SOURCE: IDRW NEWS NETWORK
Indian Air Force (IAF) will receive the last of the 10 Rafale F3R by Jan 2022 and recently Chief RKS Bhadauria held talks with senior officials at the Ministry of Defence (MOD) and Prime Minister Office (PMO) to make a case for procurement of 36 F4-standard that is planned for 2024, with some functions becoming available as of 2022. Industrial sources close to idrw.org, says that IAF is lobbying for the purchase of the second lot of Rafale F4 standard aircraft that might be partially assembled in kit form in the Dassault Reliance Aerospace Limited (DRAL) at Nagpur.
IAF has been pushing additional 36 jets that will take the Rafale fleet to 72 units and the third batch of 36 jets might be pursued post conclusion of the second batch sometime in 2030. Tender floated for procurement of 114 jets in one go, now financially is not viable due to current financial crunch and making them from made in India will not only be expensive but also increase the cost of the unit produced.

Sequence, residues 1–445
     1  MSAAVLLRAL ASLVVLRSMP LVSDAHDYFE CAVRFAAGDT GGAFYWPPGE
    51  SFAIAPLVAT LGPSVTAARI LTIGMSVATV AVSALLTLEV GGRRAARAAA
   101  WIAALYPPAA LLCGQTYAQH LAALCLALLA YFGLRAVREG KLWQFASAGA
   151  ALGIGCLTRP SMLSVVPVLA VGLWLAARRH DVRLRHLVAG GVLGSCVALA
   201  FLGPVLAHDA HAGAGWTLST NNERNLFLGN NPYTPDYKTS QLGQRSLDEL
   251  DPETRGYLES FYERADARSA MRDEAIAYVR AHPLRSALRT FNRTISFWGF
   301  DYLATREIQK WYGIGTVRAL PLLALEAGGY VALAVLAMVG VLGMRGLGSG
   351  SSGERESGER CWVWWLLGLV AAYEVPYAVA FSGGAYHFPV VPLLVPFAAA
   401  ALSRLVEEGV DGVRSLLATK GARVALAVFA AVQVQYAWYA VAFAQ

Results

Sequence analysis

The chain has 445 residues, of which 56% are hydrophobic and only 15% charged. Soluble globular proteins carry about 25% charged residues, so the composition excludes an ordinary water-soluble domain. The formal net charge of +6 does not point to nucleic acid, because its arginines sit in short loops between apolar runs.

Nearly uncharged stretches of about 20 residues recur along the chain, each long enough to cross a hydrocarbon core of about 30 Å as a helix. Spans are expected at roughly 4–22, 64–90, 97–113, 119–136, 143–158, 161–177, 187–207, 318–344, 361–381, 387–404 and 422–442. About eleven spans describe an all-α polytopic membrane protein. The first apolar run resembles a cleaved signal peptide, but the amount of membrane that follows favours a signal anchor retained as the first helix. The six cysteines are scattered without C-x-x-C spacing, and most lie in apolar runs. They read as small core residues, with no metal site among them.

DRAL is already planning to operate a service center in the facility from 2023 onwards for the present fleet of 36 jets. DRAL facility was first proposed as Rafale production site in India for a tender floated for 114 jets which now will be adopted to partial assembly the Rafale jets that are shipped from French Dassault manufacturing facility if India agrees to procure the second batch and has a roadmap for the third or fourth batch.
Procurement of jets in batches was first floated by current Chief of defense staff Gen Bipin Rawat so that each batch comes as per the new standard instead of procuring jets in the same standard that requires a higher cost of upgrades at a later stage but procurement of jets in batches also increase the unit cost that needs to be frequently adjusted for inflation cost and newer equipment that is included in the newer standard. Ordering 114 jets under the same standard trickles in the economical scale of production but it also means a large budget that has to be allocated to the procurement of the jets, which is becoming harder due to present budgetary issues.
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